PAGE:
A committed safety-at-sea advocate, record-breaking yachtswoman Dee Caffari MBE details her experience of falling overboard during a recent offshore race – hoping it will highlight the lessons learned for the benefit of other sailors. By Lawrence Schaffler.
Dee, who has circumnavigated six times, is the first woman to have sailed single-handed and non-stop around the world in both directions. She was competing in this year’s SoCal 300 ocean race from Santa Barbara to San Diego in May when the unimaginable happened and she found herself viewing the boat from the water.
One of nine crew on a Santa Cruz 50, she was trimming the spinnaker while sitting, feet in, on the high side of the cockpit on a dark night at around midnight, with winds gusting to 30 knots, rough sea conditions and a boat speed between 16 and 22 knots.
She was wearing an Ocean Signal rescueME MOB1 man overboard device with integrated AIS and DSC attached to her Spinlock Vito Deckvest, but was not clipped on with her tether, despite the rule on the boat to always clip on at night.
Dee recounted in her blog: “We had a wave that knocked us into a big windward roll, I remember reaching out to the lifelines behind me to brace myself. As we came out of that windward roll, we started to heel the opposite way and the boat began to broach.
“I was easing the spinnaker as smoothly as possible to avoid an override and to help the helm gain control and ensure they could bear away again. As the boat continued to heel, I remember not having anywhere to place my foot to leeward to brace myself. It was then that I felt myself falling. I assumed I would land on the leeward side deck with my back against the lifelines. Instead I had cleared the lifelines and the next thing I knew I was viewing the boat and all the action from about 20 feet away in the water.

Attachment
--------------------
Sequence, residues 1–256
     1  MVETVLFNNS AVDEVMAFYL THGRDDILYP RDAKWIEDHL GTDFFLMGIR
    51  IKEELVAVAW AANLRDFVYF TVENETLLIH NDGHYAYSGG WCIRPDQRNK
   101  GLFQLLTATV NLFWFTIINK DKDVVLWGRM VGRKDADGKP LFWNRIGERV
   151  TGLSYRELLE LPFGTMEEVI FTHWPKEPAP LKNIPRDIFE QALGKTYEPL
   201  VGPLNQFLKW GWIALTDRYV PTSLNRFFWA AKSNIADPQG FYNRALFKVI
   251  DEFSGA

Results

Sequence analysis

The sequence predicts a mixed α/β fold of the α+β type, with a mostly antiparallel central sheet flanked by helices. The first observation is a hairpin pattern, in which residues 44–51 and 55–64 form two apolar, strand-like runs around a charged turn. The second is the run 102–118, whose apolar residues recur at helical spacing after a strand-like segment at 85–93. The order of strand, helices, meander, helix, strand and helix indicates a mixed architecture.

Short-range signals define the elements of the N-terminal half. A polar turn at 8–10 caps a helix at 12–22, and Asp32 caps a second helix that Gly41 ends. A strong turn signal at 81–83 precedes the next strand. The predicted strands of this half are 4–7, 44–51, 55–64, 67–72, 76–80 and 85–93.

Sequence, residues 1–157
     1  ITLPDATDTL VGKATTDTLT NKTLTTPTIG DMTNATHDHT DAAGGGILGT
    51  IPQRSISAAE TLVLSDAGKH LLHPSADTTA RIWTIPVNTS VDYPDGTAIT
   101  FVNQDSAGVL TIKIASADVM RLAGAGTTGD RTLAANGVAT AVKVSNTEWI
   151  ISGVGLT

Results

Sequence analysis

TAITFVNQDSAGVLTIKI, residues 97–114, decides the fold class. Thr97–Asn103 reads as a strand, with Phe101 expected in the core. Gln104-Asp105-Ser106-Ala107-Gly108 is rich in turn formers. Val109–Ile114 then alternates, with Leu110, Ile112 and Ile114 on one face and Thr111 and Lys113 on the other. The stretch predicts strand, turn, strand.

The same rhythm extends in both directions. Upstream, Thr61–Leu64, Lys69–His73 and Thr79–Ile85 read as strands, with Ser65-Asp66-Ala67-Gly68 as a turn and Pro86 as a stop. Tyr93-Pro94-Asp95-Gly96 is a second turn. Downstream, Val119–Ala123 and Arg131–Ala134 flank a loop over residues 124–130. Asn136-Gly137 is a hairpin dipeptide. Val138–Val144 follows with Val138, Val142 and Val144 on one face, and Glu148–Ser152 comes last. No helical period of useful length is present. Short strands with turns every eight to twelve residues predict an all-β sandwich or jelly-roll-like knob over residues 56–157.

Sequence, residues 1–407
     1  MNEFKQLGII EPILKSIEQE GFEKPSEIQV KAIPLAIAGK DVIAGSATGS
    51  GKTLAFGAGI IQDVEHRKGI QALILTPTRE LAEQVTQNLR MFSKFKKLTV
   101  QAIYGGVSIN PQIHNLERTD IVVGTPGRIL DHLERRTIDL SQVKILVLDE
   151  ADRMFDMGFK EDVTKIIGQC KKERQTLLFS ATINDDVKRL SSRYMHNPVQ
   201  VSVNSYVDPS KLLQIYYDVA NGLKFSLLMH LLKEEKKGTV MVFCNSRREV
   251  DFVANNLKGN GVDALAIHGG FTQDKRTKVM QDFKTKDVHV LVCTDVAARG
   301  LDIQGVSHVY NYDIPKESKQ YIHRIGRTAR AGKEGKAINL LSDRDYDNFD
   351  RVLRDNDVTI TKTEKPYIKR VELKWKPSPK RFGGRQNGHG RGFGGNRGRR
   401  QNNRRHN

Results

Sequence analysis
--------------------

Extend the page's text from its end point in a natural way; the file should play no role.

“I wanted to shout out to let them know where I was and that I was okay, but I was being pulled through the water by the spinnaker sheet that I was still holding onto. I decided to try and kick for the aft quarter of the yacht. At the same time, as I was flailing my legs around to try and move in the water, the crew onboard were dropping the spinnaker and driving the boat head to wind to slow down. This action facilitated my movement towards the back of the boat. I was able to grab the aft stanchion of the pushpit and I saw a familiar face of one of the crew.
“Once the spinnaker was secured down the forward hatch the crew came aft and recovered me from the water. I could sense the relief from those around me and this heightened my embarrassment. Once on the aft deck I could deflate my lifejacket to allow me more manoeuvrability and finally turn my AIS beacon off. This was strobing really brightly, obscuring my night vision and also causing a lot of noise on our DSC VHF that my unit had been programmed to. All exactly as you want it to.”
In a bid to raise awareness about the best safety equipment and procedures, Dee admits the fault was entirely her own for not clipping on with her tether. She stresses the need for crew training to act quickly for a speedy recovery, as well as a thorough debrief after any emergency to make necessary improvements.
She also emphasises the importance of wearing a MOB device to quickly alert the boat’s crew and other vessels in the vicinity when every second counts, especially in cold water.
“I would definitely recommend the Ocean Signal rescueME MOB1. I selected this product because it’s small and compact and fits into the lifejacket easily for automatic use. I also like the fact that it has AIS and DSC abilities.
Last year Dee completed the Volvo Ocean Race skippering Turn the Tide on Plastic – the second time she has led a crew around the world. In 2006, she became the first woman to sail solo round the world against the prevailing winds and currents and was awarded the MBE in recognition of this achievement.